We should expect the albuminous state of the seed to be an antecedent one to the exalbuminous condition, and the recent discoveries in fertilization tend to confirm this view.
Seeds in which endosperm or perisperm or both exist are commonly called albuminous or endospermic, those in which neither is found are termed exalbuminous or exendospermic. These terms, extensively used by systematists, only refer, however, to the grosser features of the seed, and indicate the more or less evident.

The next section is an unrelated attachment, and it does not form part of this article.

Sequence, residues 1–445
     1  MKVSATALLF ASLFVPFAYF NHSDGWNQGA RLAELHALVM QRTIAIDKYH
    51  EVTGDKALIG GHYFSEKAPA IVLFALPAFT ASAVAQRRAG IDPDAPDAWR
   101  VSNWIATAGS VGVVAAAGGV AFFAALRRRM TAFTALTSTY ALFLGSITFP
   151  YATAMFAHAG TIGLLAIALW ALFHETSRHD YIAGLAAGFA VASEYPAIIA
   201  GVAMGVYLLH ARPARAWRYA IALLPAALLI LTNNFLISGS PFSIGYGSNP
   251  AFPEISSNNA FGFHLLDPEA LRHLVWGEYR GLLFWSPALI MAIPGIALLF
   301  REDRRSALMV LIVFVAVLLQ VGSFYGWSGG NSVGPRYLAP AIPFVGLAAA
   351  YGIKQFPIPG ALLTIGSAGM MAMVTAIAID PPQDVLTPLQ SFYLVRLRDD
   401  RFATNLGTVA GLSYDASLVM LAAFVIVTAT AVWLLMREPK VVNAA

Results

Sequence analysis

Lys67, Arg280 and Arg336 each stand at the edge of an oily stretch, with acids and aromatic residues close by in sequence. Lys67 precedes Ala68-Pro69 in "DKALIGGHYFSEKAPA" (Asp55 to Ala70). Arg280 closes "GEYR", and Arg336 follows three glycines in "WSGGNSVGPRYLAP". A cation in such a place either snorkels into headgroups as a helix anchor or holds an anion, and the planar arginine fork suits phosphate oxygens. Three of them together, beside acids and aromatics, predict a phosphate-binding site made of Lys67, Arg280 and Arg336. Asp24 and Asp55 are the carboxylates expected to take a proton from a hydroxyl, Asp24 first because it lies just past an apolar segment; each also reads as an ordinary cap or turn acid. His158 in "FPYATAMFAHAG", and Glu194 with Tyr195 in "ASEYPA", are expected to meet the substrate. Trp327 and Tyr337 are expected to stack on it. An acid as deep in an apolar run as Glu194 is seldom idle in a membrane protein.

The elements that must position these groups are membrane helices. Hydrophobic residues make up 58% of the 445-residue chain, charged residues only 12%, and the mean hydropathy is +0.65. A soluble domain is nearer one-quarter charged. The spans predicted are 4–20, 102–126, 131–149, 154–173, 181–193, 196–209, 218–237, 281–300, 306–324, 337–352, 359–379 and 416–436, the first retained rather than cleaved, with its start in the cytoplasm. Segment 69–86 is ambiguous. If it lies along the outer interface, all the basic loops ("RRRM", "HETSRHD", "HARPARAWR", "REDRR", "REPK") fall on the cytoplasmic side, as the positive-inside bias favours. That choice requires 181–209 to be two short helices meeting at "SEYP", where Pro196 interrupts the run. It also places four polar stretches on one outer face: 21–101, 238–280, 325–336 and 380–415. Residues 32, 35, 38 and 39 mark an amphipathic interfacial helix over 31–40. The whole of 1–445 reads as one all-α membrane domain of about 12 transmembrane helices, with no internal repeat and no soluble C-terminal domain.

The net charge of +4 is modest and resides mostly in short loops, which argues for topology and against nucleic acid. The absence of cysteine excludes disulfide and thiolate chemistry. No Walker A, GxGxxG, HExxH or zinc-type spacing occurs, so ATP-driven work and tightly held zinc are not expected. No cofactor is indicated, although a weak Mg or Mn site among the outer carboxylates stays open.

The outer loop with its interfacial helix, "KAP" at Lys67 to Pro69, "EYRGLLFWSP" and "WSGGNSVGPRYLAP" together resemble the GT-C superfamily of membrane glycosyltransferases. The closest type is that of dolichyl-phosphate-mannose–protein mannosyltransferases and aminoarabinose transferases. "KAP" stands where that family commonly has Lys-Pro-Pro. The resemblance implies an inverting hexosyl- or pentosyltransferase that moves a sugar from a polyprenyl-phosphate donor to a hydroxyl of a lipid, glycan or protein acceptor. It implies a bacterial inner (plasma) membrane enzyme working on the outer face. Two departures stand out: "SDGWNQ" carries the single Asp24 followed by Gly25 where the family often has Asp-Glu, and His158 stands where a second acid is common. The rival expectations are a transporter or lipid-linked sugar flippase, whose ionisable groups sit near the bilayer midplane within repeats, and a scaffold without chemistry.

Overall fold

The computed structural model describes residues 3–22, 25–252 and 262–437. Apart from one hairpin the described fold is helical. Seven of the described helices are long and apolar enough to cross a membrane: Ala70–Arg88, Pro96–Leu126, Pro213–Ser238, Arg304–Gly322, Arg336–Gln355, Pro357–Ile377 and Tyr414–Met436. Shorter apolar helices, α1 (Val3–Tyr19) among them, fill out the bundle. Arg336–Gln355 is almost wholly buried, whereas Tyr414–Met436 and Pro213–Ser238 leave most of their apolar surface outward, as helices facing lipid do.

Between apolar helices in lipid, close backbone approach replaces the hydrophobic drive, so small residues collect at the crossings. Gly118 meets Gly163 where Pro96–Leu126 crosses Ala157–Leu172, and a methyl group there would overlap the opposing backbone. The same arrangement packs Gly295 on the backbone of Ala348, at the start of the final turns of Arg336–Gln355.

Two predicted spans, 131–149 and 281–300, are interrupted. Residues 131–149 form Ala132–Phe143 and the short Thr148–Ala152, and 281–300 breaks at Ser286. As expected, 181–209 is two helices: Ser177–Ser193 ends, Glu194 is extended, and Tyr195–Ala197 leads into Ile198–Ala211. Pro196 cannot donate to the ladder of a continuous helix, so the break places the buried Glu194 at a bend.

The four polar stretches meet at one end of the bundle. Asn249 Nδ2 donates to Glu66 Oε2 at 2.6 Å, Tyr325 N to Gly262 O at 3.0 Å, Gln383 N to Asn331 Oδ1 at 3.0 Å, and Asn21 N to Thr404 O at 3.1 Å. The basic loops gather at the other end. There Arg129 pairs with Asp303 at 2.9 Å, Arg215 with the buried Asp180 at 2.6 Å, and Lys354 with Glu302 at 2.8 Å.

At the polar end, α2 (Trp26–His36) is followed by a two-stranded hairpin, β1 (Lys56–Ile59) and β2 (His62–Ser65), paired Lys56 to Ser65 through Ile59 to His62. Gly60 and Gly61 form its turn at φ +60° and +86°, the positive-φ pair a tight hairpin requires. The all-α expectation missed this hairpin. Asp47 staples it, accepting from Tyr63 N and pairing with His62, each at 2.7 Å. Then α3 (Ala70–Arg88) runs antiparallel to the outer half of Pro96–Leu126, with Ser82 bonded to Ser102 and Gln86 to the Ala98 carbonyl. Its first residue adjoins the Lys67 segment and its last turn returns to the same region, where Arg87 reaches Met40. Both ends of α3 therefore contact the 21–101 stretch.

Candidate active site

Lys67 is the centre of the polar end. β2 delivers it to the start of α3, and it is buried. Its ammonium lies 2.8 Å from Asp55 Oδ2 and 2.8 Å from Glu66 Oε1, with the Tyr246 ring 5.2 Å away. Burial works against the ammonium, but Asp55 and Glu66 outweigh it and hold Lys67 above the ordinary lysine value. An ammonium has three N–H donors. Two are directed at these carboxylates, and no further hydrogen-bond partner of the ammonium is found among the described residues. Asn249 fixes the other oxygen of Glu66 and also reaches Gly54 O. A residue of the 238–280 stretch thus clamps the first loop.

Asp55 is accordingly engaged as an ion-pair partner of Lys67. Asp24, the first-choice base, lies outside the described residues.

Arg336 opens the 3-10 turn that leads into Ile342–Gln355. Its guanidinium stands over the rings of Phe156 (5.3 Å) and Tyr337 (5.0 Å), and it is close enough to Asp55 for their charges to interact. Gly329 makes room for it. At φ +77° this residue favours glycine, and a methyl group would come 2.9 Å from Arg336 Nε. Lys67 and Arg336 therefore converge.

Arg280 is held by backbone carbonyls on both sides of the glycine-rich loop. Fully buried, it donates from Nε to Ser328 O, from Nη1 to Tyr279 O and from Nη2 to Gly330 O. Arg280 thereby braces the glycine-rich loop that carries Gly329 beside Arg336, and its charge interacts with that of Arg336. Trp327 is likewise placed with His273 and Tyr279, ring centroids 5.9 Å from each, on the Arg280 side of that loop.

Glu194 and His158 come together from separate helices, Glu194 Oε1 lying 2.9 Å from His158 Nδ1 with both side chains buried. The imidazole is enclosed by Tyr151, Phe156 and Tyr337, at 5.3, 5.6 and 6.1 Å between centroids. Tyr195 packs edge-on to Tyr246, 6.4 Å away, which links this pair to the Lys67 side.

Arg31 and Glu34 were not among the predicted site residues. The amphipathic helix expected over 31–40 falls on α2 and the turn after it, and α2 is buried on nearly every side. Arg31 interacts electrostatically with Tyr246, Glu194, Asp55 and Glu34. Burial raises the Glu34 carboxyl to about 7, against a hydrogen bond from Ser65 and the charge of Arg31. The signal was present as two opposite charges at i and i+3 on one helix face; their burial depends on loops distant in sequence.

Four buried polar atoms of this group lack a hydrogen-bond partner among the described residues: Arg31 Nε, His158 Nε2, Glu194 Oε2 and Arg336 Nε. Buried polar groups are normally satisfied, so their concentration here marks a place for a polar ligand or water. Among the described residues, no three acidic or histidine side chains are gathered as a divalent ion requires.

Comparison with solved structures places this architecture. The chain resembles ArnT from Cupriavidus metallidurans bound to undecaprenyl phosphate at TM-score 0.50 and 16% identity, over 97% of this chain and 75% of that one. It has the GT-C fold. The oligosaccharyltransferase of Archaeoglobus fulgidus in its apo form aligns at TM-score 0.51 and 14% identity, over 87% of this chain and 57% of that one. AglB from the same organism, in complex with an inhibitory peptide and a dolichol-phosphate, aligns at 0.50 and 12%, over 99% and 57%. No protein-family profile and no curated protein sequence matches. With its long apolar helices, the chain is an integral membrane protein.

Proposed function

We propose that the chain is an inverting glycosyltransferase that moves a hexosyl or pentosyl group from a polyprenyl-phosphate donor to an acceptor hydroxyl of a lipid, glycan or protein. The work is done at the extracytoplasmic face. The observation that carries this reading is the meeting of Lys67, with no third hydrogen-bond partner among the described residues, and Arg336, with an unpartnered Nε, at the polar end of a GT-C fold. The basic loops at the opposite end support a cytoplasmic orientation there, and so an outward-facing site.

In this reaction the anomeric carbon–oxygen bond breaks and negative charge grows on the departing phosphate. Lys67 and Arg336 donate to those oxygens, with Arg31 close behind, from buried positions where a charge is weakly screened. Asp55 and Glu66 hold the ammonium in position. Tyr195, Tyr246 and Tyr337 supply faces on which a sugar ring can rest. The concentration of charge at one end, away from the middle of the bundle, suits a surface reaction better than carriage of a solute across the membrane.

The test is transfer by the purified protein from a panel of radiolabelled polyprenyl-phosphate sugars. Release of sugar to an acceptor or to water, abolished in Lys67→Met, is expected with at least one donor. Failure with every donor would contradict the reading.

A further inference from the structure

The seeds have in some cases been preserved in wonderful perfection, enabling one to make out the structure of the embryo, with its bluntly conical radicle and two fleshy cotyledons filling the exalbuminous seed (fig.
Occurrence of a food-reserve; many so-called exalbuminous seeds show to microscopic examination a distinct endosperm which may have other than a nutritive function.